New Songs Spread Quickly Among Humpbacks
According to an Australian study, every year a new song spreads among the male humpback whales.
The research published on Thursday in Current Biology said the males are the only humpbacks who sing, mostly likely in hopes of finding a mate.
Researchers said that the song of the season has originated off the coast of eastern Australia for the past decade.
“Our findings reveal cultural change on a vast scale,” Ellen Garland, a graduate student at The University of Queensland, said in a press release. Multiple songs moved like “cultural ripples from one population to another, causing all males to change their song to a new version.”
The new song then ripples eastward across the South Pacific Ocean, from Australia to French Polynesia, infecting genetically distinct groups of whales who all start singing the same song during breeding season.
Garland said the songs are not all that original most of the time.
“It would be like splicing an old Beatles song with U2,” Garland said in a statement. “Occasionally they completely throw the current song out the window and start singing a brand new song.”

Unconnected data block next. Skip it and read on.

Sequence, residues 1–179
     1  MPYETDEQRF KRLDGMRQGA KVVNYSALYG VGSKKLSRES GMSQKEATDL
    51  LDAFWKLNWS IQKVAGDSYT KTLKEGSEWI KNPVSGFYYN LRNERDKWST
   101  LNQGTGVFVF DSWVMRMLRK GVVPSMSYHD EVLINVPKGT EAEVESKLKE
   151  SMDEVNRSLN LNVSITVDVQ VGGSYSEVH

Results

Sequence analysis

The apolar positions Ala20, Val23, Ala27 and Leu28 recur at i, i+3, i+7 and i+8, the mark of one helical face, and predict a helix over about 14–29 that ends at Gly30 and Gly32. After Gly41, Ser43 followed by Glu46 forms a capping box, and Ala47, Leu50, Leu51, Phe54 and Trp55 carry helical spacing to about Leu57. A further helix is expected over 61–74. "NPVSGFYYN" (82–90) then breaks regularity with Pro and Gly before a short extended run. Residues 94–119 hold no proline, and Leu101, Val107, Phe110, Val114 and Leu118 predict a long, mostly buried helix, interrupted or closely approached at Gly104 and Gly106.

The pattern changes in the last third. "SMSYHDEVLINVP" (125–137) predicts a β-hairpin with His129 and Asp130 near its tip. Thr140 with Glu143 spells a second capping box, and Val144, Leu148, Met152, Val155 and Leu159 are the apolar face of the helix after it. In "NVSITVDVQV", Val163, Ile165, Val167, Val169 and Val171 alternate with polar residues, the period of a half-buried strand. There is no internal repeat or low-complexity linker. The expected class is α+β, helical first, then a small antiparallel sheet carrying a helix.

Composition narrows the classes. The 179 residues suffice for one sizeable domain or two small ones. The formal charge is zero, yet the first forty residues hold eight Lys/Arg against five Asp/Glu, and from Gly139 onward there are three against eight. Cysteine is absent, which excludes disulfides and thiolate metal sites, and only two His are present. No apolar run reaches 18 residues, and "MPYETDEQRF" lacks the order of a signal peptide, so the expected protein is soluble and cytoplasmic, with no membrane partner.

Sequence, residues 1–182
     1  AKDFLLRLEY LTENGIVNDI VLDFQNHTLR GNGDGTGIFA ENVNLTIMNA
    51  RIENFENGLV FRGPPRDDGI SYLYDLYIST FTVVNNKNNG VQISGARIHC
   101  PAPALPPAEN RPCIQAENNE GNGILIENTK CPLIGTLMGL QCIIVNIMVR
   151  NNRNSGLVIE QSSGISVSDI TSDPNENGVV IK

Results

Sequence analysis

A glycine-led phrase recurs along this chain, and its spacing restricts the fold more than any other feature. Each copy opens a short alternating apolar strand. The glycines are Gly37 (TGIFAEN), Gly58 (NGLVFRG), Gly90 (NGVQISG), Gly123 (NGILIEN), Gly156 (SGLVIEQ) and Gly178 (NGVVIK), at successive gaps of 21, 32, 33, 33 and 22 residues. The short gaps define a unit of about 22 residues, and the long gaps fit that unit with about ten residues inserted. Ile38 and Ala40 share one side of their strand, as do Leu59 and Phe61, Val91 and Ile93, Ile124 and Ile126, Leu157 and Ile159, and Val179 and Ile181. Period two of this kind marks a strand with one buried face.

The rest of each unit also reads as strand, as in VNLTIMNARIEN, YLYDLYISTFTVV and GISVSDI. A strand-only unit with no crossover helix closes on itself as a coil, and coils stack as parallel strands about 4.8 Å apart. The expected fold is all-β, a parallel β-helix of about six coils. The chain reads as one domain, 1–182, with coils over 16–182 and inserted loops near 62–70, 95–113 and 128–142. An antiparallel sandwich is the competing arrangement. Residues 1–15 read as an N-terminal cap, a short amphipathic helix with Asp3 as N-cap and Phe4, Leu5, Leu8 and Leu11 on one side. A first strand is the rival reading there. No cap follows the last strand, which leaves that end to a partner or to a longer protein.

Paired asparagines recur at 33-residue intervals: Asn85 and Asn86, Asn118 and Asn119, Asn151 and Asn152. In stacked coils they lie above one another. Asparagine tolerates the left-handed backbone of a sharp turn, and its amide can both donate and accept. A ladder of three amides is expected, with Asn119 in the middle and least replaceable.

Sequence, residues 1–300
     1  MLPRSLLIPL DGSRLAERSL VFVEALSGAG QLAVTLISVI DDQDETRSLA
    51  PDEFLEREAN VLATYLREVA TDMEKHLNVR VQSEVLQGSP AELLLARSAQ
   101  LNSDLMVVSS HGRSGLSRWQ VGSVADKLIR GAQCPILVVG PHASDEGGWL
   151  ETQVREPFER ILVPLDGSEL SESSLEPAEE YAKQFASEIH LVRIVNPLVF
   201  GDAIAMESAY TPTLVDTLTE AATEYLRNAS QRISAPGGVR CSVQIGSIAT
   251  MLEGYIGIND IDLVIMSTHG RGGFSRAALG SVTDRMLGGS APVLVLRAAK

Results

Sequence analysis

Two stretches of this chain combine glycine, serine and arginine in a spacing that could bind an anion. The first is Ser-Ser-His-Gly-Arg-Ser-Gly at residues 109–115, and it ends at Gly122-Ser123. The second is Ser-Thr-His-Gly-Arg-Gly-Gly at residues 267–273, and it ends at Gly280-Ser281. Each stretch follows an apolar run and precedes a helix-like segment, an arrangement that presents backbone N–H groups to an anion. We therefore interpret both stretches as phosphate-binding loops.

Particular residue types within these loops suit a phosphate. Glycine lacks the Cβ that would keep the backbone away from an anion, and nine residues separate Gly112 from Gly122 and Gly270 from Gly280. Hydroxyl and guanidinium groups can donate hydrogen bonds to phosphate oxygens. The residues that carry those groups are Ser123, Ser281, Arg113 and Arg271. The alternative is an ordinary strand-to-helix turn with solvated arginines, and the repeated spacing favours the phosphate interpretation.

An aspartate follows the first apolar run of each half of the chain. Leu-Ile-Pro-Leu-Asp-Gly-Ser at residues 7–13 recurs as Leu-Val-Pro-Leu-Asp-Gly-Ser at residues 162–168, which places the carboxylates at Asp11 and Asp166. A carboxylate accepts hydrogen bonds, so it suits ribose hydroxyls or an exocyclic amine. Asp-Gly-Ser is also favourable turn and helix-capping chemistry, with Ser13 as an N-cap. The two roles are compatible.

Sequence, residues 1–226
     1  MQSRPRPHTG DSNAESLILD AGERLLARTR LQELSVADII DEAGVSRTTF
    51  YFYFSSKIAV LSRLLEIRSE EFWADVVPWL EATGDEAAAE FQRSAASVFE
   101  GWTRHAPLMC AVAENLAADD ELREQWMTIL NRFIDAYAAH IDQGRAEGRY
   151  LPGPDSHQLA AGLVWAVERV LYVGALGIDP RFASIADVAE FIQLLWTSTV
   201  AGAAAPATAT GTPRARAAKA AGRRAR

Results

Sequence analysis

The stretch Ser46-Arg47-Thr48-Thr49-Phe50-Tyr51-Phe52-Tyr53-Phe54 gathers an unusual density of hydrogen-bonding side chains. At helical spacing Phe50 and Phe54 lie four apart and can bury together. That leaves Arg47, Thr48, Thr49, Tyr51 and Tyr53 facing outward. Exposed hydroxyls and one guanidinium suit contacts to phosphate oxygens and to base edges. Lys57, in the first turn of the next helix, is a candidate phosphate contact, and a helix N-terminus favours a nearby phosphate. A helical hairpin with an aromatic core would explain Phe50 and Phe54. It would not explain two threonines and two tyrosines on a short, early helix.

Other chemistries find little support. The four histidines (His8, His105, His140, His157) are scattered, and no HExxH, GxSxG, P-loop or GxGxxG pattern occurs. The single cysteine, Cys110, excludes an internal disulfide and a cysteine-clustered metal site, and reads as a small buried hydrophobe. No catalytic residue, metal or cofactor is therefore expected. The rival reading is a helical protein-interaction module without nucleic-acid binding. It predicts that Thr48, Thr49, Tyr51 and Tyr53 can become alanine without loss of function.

The study described itself as the “first documentation of a repeated, dynamic cultural change occurring across multiple populations at such a large geographic scale.”
It is still a mystery as to why the whales all sing the same song, when their efforts are meant to make them stand out against the pack.
“We think this male quest for song novelty is in the hope of being that little bit different and perhaps more attractive to the opposite sex,” Garland said in a statement.
“This is then countered by the urge to sing the same tune, by the need to conform.”
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